These newer studies confirm that PTSD is a strong risk factor for dementia. If you’ve experienced trauma or could identify with more than 4 of the PTSD symptoms above, don’t worry as you can heal and protect your brain. By addressing your PTSD now and adopting a brain healthy lifestyle, you’ll increase the chances of maintaining your memory and cognition as you grow older.
Here are 5 strategies for healing from PTSD and Complex PTSD.
EMDR therapy is a special psychotherapeutic technique that has been shown in studies to be an effective treatment for people who have been emotionally traumatized. It is believed that traumatic events can prevent the brain from processing information as it normally does, which results in these events getting “stuck” in the brain’s information processing center. EMDR therapy uses eye movements or other alternate hemisphere stimulation to remove the emotional charges of these “stuck” traumatic memories. Researchers believe the therapy activates mechanisms in the brain that help you process memory and distressing emotions.
Developed in the 1990s, cognitive behavioral therapy (CBT) can be effective for kids, adolescents, and adults who have experienced trauma. This therapy aims to help trauma survivors overcome anxiety, depression, anger, self-harm, and more. It helps a person change unhelpful patterns of thinking, behavior, and emotions.
Do not underestimate the healing power of meditation, specifically Loving Kindness Meditation (LKM). Research has shown many benefits from LKM, which focuses on developing feelings of goodwill, kindness, and warmth toward others. Reducing symptoms of PTSD and depression, as well as increasing positive feelings are just some of the many benefits researchers, have noted.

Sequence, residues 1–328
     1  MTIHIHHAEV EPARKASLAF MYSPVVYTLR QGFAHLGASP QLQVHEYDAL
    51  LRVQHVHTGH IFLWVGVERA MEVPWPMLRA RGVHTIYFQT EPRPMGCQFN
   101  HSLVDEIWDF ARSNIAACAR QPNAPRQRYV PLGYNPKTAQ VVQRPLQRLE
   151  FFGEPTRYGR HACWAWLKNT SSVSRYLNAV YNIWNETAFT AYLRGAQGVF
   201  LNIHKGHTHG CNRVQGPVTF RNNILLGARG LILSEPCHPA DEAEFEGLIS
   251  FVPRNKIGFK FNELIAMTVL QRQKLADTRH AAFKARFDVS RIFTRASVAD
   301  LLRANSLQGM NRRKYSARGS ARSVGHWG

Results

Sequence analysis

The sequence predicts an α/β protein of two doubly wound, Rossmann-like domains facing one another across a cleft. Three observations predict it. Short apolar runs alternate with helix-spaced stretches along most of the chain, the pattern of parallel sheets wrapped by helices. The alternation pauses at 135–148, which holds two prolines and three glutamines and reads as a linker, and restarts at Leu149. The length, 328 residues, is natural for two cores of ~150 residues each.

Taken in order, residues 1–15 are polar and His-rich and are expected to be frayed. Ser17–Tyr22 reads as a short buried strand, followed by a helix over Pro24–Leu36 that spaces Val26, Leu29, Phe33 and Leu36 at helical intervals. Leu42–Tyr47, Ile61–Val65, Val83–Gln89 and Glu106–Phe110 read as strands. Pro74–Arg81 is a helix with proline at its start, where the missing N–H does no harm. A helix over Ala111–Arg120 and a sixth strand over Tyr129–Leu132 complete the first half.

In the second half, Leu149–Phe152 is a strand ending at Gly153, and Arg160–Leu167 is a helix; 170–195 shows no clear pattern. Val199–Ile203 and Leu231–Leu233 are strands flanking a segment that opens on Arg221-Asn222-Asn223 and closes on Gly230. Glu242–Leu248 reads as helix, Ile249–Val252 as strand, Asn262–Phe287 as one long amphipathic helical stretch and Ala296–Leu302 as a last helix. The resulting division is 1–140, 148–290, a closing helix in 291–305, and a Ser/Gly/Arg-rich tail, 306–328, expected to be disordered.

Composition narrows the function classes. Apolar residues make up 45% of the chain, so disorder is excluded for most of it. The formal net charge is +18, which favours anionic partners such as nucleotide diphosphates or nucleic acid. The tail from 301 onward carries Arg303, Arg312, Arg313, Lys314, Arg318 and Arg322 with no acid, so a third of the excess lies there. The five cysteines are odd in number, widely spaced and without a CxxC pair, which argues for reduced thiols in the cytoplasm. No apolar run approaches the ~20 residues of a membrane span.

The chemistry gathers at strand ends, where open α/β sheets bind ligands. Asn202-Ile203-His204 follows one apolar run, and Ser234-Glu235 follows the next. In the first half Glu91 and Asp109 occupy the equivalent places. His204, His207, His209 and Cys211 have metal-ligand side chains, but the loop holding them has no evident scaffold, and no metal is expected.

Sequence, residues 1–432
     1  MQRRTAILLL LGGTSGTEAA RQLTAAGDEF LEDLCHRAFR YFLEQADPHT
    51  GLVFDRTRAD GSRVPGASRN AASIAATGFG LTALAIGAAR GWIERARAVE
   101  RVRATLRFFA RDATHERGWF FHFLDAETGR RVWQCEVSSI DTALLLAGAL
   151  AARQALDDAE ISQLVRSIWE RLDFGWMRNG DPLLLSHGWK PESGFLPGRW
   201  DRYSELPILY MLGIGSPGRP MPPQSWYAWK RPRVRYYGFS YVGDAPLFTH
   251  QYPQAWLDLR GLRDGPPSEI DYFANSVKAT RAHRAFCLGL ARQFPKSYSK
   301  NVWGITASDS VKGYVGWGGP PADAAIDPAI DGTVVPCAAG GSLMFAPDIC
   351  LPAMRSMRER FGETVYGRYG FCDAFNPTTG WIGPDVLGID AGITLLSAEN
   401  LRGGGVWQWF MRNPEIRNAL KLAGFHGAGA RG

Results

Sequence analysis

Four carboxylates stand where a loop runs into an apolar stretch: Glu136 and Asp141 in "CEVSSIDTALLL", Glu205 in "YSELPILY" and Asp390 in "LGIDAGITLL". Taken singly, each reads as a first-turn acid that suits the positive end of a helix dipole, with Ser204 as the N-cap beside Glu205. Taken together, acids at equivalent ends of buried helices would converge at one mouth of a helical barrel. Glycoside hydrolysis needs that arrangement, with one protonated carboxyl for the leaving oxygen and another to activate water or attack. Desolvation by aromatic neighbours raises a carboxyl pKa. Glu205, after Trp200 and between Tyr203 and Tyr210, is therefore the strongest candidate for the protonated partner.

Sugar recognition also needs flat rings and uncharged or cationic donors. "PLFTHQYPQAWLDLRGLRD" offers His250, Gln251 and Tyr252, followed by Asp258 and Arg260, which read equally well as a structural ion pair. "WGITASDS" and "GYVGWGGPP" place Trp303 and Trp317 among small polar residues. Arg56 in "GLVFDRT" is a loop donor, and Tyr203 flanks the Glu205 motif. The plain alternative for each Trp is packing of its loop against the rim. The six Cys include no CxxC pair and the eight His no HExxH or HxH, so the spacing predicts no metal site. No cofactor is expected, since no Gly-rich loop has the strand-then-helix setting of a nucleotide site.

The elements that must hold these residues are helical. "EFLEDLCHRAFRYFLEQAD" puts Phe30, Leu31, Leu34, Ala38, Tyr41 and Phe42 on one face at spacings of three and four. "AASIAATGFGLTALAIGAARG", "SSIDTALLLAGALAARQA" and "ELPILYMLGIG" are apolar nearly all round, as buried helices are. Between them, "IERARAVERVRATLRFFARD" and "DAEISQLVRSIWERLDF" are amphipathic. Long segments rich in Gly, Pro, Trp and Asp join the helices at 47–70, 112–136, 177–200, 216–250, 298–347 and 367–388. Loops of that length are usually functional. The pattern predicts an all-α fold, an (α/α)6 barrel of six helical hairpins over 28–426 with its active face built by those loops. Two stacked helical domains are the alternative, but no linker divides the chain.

Brain-healthy habits mean eliminating lifestyle factors that harm your brain while increasing activities that boost your brain health. For example, drugs, alcohol, brain injuries, obesity, sleep apnea, hypertension, smoking, too much sugar, and unhealthy fats are all examples of what hurts your brain. Eating colorful fruits and vegetables rich in polyphenols and good-for-you fats found in avocados and walnuts helps to protect your brain. Getting regular exercise, keeping stress levels down, enjoying 7-9 hours of sleep a night, and engaging in brain-healthy activities are also all good for your brain.
Taking nutritional supplements like fish oil can be beneficial for overall brain health. In some cases, medication may be helpful, especially when used in conjunction with other therapies.
Taking any of these measures to heal from PTSD will not only help protect your memory from decline later in life, but it will also benefit your brain health, your body, and your overall well-being right now.
PTSD, dementia, and memory issues can’t wait. At Amen Clinics, we’re here for you. We offer in-clinic brain scanning and appointments, as well as mental telehealth, clinical evaluations, and therapy for adults, teens, children, and couples. Find out more by speaking to a specialist today at 888-288-9834 or visit our contact pagehere.